Ballroom dancing veteran Sunny Low dies at 82

Local artiste Tasha Low mourned the passing of her grandfather, local ballroom dancing legend Sunny Low, on her Instagram. PHOTO: TASHA LOW/INSTAGRAM

SINGAPORE - Three days before ballroom dancing veteran Sunny Low died on Sunday (May 8), the 82-year-old was teaching a 90-minute class on ballroom and Latin dance to 15 students.

He died of a brain haemorrhage in the hospital at about 4pm, leaving behind his wife, four children, seven grandchildren and seven great-grandchildren.

His death comes as a shock to family and the dance fraternity, because he was not known to be in poor health.

Mr Low grew up in an Outram shophouse, which was also home to Poh San Dance Studio.

It was set up in 1937 by his father Low Poh San.

The younger Low took up dancing at 14 and was crowned the King of Rock 'n' Roll in 1957 at a dance contest.

He met Ms Aleena Tan - who later became his wife - at the dance studio in 1969.

He made her the lead dancer when he was scouting for talent to establish his own group - Sunny Low Dancers - to perform on stage and television.

The couple established the Sunny Low Dance Studio in 1986 and tied the knot in 1989.

The duo went on to become one of the founding members of the Singapore Ballroom Dance Teachers Association. It placed the country on the global dance scene when it attained membership affiliation with the World Dance Council in 1991.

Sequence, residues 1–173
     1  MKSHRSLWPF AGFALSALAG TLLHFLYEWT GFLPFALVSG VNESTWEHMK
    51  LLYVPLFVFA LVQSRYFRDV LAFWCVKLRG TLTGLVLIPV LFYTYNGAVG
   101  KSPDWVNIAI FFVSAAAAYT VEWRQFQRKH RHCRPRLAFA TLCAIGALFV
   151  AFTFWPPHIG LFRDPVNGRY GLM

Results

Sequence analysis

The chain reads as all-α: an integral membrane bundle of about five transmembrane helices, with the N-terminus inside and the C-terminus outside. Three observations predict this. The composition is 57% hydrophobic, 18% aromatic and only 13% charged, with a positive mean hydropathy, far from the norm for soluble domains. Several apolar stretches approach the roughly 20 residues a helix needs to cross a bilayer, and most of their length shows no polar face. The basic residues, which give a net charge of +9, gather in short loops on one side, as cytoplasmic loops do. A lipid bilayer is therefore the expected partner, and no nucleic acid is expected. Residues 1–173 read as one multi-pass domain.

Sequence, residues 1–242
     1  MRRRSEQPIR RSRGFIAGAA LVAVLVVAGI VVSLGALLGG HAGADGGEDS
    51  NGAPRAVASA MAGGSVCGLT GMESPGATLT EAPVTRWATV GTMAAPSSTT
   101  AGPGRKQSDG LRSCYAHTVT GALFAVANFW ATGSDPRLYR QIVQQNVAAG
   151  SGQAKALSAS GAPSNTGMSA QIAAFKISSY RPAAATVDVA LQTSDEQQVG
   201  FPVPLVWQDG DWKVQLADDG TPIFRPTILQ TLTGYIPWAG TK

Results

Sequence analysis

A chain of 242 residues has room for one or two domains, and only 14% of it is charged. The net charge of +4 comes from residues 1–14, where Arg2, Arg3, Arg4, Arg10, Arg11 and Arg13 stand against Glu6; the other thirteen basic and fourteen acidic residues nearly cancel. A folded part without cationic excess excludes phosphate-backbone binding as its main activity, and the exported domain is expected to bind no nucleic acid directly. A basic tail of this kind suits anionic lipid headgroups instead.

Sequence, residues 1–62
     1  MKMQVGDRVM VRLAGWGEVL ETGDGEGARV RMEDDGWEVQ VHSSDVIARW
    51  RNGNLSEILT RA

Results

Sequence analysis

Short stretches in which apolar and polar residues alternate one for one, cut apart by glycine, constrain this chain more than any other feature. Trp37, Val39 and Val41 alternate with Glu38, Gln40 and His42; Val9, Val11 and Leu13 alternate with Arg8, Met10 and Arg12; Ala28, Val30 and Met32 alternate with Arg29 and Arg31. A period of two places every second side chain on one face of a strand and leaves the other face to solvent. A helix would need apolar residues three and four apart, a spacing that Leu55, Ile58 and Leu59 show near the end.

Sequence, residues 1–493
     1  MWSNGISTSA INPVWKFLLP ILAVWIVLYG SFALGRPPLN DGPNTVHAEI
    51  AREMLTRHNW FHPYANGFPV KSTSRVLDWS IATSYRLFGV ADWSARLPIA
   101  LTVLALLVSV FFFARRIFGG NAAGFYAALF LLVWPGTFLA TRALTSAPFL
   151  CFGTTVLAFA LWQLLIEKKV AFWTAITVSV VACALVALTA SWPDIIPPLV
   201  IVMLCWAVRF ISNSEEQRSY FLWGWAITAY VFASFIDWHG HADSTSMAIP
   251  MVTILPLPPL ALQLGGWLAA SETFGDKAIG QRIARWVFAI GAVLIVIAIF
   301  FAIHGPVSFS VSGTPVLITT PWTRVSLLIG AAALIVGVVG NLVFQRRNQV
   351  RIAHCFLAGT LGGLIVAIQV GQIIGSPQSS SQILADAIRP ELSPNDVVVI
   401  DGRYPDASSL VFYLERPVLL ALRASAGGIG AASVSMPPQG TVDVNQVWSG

Ms Tan, 67, said her late husband was hugely passionate about his craft: "He enjoyed teaching people from all walks of life, including lawyers, doctors, actors and even politicians.

"As a husband, he was a perfectionist and made sure things ran smoothly at home. As a father to his three children, Melvyn, Kelvyn and Jovyn, he was a friend and mentor. He not only cared about dancing but also the other facets of their lives."

Mr Low also became a choreographer for Hong Kong television broadcasting company TVB.

Outside of dance, Mr Low also loved fishing and enjoyed food, especially fresh fish.

Long-time friend Larry Lai, 82, who had known Mr Low for almost 70 years since their secondary school days in Outram Secondary School, describes the dance icon as a cheerful person with a sunny disposition.

In their teenage years, Mr Low patiently attempted to teach his friend, who over time picked up bits and pieces of dance. Mr Lai went on to set up his own broadcasting and music company, Moby Dick Enterprises, and was a well-known radio deejay too.

He assisted Mr Low with the music and emceeing needed in annual international dance competitions, which were organised and hosted by the Sunny Low Dance Studio.

"I was a terrible student with little coordination, but Sunny would insist on teaching me and I would try," Mr Lai told The Straits Times on Tuesday (May 10).

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